As the Commons begins to discuss the Brexit plebiscite how should Labour handle the referendum? By far the most important intervention was not a speech in the EU referendum bill debate but the warning from a troika of pro-European union leaders – Frances O’Grady of the TUC, Dave Prentis of Unison and Sir Paul Kenny of the GMB – that Cameron cannot assume trade union support if he insists on using his “renegotiation” to weaken Social Europe rights.
Every major referendum on Europe so far this century has been lost because the voter base of the left has voted No to Europe even if the organisers of the anti-EU campaigns have been nationalist politicians mainly on the right. The left-behinds and losers of EU integration take their chance in a plebiscite to punish the leaders who urge them onwards to accept more Europe.
If the trade unions swing against Cameron on Europe this will be a far bigger boost for the Brexit camp than anything else. It will also increase the chances of Labour splitting.
Cameron has to be a unifier if he wants to avoid Brexit. As he struggles with his party and its deep Eurosceptic instincts it is also an opportunity for Labour to escape from its navel-gazing eternal post-mortem and again stand for Britain as a whole.
It was François Mitterrand who observed that ‘the trouble with referendums is voters never answer the question.’ He kept France in Europe by the skin of his teeth in 1992 when what he thought would be an easy Oui to the Maastricht Treaty became the narrowest of results. His successor, Jacques Chirac, breezily called a referendum in 2005, assuming that his own party, the French socialists and all men and women of bonne foi would confirm France’s status as a major EU player.
He forgot about the voters. They listened to socialist tribunes who broke with the official pro-EU party line and linked with the far right and what the French call souverainistes to punish the unpopular Chirac by voting Non to Europe. The left won but lost the presidential election in 2007 as voters were unimpressed by a divided socialist party.
The pattern of major EU referendums is that opinion polls start well but then something happens. The Yes camp are the establishment, the money men, the media, the state functionaries, global business but they are out of touch with the deeper resentment of a voting population that feels the EU exists for others, not for them.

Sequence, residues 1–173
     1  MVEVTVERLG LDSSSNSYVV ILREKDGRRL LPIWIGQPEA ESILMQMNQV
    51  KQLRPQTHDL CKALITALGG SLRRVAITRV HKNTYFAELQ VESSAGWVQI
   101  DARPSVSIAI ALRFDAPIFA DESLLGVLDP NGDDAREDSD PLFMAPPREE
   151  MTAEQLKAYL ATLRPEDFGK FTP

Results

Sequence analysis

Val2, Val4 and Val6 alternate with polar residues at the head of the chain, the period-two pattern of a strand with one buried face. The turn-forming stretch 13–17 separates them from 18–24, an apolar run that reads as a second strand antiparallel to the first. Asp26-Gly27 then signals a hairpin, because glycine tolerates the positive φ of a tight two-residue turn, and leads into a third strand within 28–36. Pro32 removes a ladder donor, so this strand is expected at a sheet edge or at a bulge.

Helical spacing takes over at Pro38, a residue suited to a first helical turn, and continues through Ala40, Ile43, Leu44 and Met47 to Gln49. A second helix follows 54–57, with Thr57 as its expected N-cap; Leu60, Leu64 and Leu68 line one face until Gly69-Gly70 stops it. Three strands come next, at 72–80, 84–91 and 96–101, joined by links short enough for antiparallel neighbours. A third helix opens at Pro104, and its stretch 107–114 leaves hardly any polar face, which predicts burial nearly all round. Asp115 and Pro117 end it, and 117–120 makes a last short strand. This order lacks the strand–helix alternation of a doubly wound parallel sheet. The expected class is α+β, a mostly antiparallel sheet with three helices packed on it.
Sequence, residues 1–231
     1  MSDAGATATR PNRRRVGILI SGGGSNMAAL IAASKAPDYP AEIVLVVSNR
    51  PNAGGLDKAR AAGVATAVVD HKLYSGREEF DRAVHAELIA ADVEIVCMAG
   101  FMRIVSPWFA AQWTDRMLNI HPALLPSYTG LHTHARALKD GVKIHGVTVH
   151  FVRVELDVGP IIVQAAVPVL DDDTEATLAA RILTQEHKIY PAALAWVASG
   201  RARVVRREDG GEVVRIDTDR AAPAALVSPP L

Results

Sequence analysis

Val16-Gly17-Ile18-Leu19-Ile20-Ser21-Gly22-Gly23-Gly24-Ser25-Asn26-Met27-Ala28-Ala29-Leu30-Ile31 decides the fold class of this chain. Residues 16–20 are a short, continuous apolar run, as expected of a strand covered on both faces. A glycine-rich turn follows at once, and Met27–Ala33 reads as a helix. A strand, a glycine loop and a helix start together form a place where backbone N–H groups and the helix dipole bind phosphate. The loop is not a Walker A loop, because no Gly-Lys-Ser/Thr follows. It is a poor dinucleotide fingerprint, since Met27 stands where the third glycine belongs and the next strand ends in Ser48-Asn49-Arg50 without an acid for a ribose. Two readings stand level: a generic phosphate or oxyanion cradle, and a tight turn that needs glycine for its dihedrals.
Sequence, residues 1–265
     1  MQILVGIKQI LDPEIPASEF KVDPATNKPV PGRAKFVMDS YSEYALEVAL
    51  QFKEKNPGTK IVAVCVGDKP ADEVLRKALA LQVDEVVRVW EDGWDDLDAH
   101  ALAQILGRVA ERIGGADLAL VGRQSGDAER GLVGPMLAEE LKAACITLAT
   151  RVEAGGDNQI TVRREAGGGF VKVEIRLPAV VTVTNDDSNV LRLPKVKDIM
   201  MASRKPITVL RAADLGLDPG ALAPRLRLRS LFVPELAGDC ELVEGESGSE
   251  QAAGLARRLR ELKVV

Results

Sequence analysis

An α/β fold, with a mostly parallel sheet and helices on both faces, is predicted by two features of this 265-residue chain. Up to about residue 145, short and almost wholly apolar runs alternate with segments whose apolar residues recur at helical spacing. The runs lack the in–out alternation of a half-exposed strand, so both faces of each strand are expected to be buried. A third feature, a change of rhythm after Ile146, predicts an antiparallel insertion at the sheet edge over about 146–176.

David Cameron has taken a huge risk with his Brexit plebiscite. He is a Eurosceptic himself and made concession after concession to anti-EU forces including giving in to the main UKIP demand – an In-Out referendum .
Cameron can easily lose the referendum for Britain. The sight of him and maybe even Rupert Murdoch standing on their heads and swallowing two decades of anti-EU wordage is not appealing to voters. Instead the task falls to Labour with help from the Lib-Dems, alive in spirit if not in seats, to defeat the isolationists and keep Britain in Europe.
The exact nature of the campaign is not important. Harold Wilson and Margaret Thatcher did not appear on joint platforms in the 1975 but Labour put up John Smith, Shirley Williams, Roy Jenkins and others who argued with passion and persuasion that Britain should remain linked to the continent.
Labour can do no less today even if faced with a referendum called for opportunistic vote-grabbing reasons and now under the control of a cabinet stuffed full of anti-Europeans. Labour’s new leader and those who will form the next Labour cabinet need to shine in this campaign with commitment and conviction.
Labour has to avoid two traps. The first is the lure of left nationalist protectionism that marginalised Labour in the 1980s. There will always be a left critique of the EU but that should be a spur to its reform not a retreat to North Korean style rejection of open Europe.
The second is to play tactical games seeking to trip up Cameron. Yes, he is hypocritical and yes, there will be endless Schadenfreude as the MPs he told to hate the EU now turn on him. But Labour should let the Tories eat each other without seeking its own little opportunisms.
Of course some Labour MPs will say No. In 2005 just before the election I was standing behind the Speaker’s Chair with David Cameron waiting to go into the Chamber. The Tory MP, a fellow of All Souls, Robert Jackson, had just defected to Labour in disgust at the anti-Europeanism that infected his party.
I asked Cameron jokingly who would be the next defector? ‘Kate Hoey,’ he replied without a pause. The redoubtable Ulsterwoman has had trenchant views ever since her days as a National Union of Students leader and her opposition to Europe should be recognised and respected.
But Labour must stand for Britain and against the risk of a return to isolationism. Ever since the Conservatives veered off into anti-EU waters in the 1990s, Labour had stood for Britain in Europe. It should not change now. This is a moment which will define Britain for generations to come. Labour should be on the right side of the argument and show that a Tory change to being pro-EU is welcome and in the national interest. Labour can and must win this vote for Britain and for Europe and our partners everywhere in the world.